The GridScale technology explained

GridScale offers electrical energy storage of mid-term duration ranging from hours to weeks

The GridScale storage system is an industrialized and scalable technology for cost-effective thermal storage of electric energy. GridScale uses crushed rock as a low cost storage medium and offers high round-trip efficiency with no geological or topological constraints.

The GridScale energy storage plant, consisting of an adjustable number of storage tanks and the GridScale-specific charge-discharge system.
GridScale is built for modular adaptation to local demands. The storage duration is adjusted with the number of storage tanks.
The storage tanks holding the crushed rock, and the ancillary systems are all modularized, suited for industrial manufacturing.

How GridScale works

GridScale is a pumped heat energy storage system, using crushed rock as an abundant, low-cost storage medium.

The system’s main components:

  • A turboexpander unit with pre-pressure compressor, controls etc.
  • A filter unit with air filters and manifolds.
  • Two rows of standardized storage reservoirs.

The storage duration is adjusted with the number of storage tanks. Power rating is adjusted with the number of parallel units.

The GridScale range covers both the 12-18 h duration required for day-to-day smoothing of solar PV, and the 3 to 7 days duration required for smoothing of wind power over gaps caused by low wind periods.

GridScale has several unique benefits:

  • No geological or topological constraints. Can be implemented as stand-alone units globally, easily serviced by conventional truck technicians.
  • Uses no scarce materials.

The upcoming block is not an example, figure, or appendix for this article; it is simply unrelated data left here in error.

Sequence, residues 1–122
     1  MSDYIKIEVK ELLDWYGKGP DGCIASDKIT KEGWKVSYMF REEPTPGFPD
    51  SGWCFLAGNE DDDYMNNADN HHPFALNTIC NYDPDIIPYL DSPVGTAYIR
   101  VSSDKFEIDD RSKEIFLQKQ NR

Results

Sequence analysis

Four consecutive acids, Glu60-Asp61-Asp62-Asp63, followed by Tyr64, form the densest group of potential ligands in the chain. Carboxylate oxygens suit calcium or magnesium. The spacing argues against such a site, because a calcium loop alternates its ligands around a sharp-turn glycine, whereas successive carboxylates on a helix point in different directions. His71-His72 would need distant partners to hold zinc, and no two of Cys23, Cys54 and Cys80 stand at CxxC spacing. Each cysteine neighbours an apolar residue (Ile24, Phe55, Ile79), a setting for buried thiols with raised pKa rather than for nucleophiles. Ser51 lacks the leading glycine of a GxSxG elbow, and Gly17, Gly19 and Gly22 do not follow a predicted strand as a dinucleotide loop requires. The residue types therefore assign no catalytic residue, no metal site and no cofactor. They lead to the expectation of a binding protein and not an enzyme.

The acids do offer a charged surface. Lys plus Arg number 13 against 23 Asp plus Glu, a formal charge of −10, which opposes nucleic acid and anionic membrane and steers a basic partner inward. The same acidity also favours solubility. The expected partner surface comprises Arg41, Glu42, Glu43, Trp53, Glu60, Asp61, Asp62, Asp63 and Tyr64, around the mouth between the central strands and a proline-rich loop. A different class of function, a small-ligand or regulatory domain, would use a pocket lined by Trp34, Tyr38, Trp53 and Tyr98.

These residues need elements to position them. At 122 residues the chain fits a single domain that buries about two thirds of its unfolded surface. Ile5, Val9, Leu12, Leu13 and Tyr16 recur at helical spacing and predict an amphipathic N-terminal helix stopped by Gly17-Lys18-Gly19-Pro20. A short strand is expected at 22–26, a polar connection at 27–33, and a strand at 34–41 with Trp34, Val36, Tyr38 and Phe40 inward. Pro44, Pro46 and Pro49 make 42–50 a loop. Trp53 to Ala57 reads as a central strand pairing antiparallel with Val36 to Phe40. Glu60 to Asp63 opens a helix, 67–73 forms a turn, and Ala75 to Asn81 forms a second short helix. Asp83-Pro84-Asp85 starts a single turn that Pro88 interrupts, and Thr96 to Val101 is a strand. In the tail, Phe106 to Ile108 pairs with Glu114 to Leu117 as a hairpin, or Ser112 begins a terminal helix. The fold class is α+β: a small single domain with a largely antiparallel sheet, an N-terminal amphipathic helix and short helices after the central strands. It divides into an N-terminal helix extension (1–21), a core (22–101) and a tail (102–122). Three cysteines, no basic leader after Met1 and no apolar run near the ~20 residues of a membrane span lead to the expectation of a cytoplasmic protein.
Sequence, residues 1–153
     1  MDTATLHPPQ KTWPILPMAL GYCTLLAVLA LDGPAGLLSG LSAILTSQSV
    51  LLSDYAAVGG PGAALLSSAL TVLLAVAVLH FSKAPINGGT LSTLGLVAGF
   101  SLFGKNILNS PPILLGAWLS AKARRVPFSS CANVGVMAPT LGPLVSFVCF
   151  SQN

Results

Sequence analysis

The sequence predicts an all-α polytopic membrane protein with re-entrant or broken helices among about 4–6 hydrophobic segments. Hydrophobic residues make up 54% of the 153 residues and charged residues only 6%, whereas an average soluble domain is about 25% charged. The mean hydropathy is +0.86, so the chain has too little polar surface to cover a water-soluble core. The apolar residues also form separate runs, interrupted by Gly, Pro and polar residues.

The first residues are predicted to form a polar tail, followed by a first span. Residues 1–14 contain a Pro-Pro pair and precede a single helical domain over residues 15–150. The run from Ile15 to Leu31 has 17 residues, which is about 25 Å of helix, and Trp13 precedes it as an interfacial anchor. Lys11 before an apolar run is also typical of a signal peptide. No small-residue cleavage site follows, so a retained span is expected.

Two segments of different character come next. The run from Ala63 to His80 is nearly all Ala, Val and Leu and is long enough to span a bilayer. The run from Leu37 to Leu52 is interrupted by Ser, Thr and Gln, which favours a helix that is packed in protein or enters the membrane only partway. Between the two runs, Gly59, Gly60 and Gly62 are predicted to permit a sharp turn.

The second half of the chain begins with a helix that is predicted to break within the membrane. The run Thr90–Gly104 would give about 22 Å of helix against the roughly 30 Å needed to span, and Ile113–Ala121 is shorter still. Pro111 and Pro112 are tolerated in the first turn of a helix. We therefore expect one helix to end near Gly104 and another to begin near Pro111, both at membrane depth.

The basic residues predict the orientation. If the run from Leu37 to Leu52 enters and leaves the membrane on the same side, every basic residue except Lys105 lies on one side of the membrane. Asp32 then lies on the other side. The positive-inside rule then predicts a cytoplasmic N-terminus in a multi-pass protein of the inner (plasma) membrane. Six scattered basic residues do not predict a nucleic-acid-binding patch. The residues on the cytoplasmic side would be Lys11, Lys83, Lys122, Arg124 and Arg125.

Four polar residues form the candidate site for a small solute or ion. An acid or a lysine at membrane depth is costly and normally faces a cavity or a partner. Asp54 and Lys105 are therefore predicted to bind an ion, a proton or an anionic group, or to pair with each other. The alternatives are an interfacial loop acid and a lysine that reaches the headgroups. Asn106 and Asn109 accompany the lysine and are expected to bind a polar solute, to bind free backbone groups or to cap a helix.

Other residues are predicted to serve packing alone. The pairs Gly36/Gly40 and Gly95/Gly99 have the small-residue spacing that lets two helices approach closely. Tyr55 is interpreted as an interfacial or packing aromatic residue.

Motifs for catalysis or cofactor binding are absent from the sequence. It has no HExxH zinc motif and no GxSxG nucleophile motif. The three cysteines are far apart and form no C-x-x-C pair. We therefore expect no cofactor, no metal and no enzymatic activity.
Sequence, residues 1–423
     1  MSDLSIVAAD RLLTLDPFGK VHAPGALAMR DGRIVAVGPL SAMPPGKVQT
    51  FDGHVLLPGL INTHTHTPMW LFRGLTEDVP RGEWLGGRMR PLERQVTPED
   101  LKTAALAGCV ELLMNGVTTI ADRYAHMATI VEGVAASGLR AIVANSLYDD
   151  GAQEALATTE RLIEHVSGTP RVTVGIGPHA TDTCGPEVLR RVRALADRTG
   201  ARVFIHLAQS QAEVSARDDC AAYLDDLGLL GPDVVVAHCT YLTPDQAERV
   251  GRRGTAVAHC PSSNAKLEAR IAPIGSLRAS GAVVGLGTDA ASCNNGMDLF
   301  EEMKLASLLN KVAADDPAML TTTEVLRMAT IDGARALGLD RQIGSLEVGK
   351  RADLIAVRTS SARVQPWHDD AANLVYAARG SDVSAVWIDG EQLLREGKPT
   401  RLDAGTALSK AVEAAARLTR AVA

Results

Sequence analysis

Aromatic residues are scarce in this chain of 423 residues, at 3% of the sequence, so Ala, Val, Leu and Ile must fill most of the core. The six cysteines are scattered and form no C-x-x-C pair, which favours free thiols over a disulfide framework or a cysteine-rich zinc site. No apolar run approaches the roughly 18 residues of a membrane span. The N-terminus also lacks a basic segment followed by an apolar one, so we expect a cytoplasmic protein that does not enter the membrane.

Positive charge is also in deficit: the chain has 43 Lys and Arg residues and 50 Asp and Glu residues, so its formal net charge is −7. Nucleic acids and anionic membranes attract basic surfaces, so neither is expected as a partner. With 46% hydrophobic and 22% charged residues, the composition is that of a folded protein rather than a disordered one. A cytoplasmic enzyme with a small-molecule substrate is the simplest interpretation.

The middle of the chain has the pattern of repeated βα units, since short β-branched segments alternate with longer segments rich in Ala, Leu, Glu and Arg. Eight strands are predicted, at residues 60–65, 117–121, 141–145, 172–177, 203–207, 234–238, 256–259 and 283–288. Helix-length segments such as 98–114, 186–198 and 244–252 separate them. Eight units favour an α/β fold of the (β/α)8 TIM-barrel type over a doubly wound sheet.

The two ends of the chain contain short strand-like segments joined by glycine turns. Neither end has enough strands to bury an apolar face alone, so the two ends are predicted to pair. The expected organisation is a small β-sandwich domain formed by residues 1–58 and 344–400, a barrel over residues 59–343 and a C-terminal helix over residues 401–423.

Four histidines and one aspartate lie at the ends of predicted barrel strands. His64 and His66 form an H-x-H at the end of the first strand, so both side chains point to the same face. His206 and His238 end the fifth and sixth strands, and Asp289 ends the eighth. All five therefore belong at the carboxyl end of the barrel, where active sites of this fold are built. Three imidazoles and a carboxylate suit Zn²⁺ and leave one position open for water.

• Poses no explosioon hazards.
  • High round-trip efficiency due to application of heat pump principle in charging cycle
  • Facilitates the integration of much larger shares of renewables than previously possible.
  • Delivers game-changing cost reductions of electric energy storage.

The hot storage reservoir material is crushed basalt rock. Basalt is formed by the cooling of lava, and due to its volcanic origin, it is very resistant to rapid heating and cooling. Basalt is abundant and easily accessible, and it is readily available in large volumes all over the world.

The total specific cost of the thermal storage materials, including storage tanks, insulation, etc. is expected to be less than 10 EUR per kWh electric discharge capacity for serial production systems. In comparison, conventional battery storage systems typically have storage capacity costs in the range of 200 EUR per kWh.

The GridScale system’s charging and discharging cycle

The GridScale system’s charging and discharging cycles are implemented as a heat pump, and two separate reservoirs store heat and cold, respectively.

Since the maximum temperatures of the cold storage reservoir are much lower than in the hot storage reservoir, the cold reservoir can use any type of crushed rock. There is no degradation of the crushed rock storage materials, and the GridScale nameplate storage capacity is available for the full lifetime of the system.

The charge-discharge system comprises one compressor-turbine system for charging and another similar but differently dimensioned system for discharging.

The charging system is operated in a heat pump cycle. The COP (Coefficient of Performance) is on the order of 250%, depending on the temperature ranges.

The discharging system is operated in a so-called Brayton cycle, similar to the cycle of a gas turbine. The efficiency is on the order of 20-25%, again depending on the temperature ranges.

The total round-trip efficiency is the product of the charging COP and the discharging efficiency. For serial production systems the round-trip efficiency is expected to be 55-60%.

The GridScale road map

Since 2019, the GridScale concept and technology has been validated through a wide range of tests using a combination of standard industrialized components and proprietary technology.

In 2022, the first full scale demonstration project will be installed. It comprises a 1-2 MW, 24 h capacity unit to be installed at a decentral heat and power plant in Denmark.

The demo plant will operate commercially.